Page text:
I’ve been watching a lot of Netflix and my eye is always attracted to shows that include mixed-race Japanese people like me.
Two of the most recent shows to include Japanese Americans are Dash & Lily and Never Have I Ever featuring characters Paxton Hall-Yoshida (played by Darren Barnet) and Lily (played by Midori Francis) respectively.
First of all, it’s great to see so many Japanese Americans on screen with Troy Iwata, James Saito, and Jennifer Ikeda in Dash & Lily, and big ups to Never Have I Ever for making people assume that under the shirts of all hyphenated Japanese men is a six-pack rather than the kegs we’re likely working on.
But what I found in both shows is that their nationality is treated more as a fun detail rather than part of their character development.
Perhaps the writers felt that blatantly pointing out their nationality could give rise to stereotyping, but piecemeal references to an entire identity is actually a whole lot worse — at least in my mind.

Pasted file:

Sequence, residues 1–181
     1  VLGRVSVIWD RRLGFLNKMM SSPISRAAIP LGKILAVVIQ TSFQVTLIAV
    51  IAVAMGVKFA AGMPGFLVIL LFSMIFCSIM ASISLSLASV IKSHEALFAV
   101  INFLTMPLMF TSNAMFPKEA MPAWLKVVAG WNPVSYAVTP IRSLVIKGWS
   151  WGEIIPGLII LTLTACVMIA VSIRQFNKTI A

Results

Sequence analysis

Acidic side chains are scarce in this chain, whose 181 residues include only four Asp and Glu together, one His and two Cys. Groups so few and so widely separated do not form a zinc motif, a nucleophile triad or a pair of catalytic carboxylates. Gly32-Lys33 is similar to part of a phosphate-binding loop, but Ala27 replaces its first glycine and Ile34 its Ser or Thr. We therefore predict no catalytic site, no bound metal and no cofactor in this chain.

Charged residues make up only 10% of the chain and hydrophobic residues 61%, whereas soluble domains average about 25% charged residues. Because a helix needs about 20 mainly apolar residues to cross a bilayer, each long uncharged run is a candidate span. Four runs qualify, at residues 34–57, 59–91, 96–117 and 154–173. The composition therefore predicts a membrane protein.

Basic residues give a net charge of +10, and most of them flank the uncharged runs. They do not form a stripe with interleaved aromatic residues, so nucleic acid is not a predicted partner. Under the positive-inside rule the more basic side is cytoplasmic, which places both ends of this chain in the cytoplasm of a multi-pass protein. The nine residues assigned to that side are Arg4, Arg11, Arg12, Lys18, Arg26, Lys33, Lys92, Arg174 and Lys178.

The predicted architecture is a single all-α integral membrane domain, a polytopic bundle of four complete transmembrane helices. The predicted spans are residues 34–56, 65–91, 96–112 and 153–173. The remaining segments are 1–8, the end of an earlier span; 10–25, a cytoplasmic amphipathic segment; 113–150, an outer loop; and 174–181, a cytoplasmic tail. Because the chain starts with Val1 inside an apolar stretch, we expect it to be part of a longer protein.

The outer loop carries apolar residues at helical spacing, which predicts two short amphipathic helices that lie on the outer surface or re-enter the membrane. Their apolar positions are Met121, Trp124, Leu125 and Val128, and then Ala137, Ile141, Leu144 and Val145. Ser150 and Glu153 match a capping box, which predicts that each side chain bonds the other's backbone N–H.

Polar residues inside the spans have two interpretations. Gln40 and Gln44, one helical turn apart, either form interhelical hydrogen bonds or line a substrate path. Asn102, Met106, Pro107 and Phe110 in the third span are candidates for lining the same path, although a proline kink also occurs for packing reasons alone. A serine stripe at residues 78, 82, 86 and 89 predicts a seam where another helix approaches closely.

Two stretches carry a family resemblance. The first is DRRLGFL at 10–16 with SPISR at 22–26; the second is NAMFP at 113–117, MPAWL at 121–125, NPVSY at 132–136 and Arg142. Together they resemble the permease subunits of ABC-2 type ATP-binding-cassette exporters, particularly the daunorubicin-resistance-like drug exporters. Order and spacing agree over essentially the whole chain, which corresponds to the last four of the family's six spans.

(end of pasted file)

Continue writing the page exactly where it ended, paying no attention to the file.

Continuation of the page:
While there are a few nods to them being Japanese — with a mochi making grandmas and how some of us refer to our grandparents — there’s a lot more to this identity than ambiguous cultural practices.
And there’s a big event that informs everything.
There’s a moment in Dash & Lily where Lily’s grandfather is pissed that she’s been out of the house. His overreaction is explained away by a proposal gone wrong, but, as my wife pointed out, what if he was upset because of something else?
Instead of saying that he was pissed because of his blonde girlfriend, why not get him to talk about his fear of losing his family as he probably did when they were interned during the Second World War?
In case you didn’t know, Japanese Americans and Japanese Canadians were sent to internment camps within the interior of their respective countries after being declared enemy aliens.
While that sounds like a sci-fi concept, what it meant was that Japanese people — even those who were citizens — had their property taken away by the state and were made prisoners of war because of their nationality.
Racism, as you might guess, was the culprit behind these actions not that the Japanese people proved any kind of viable threat. From the Royal BC Museum: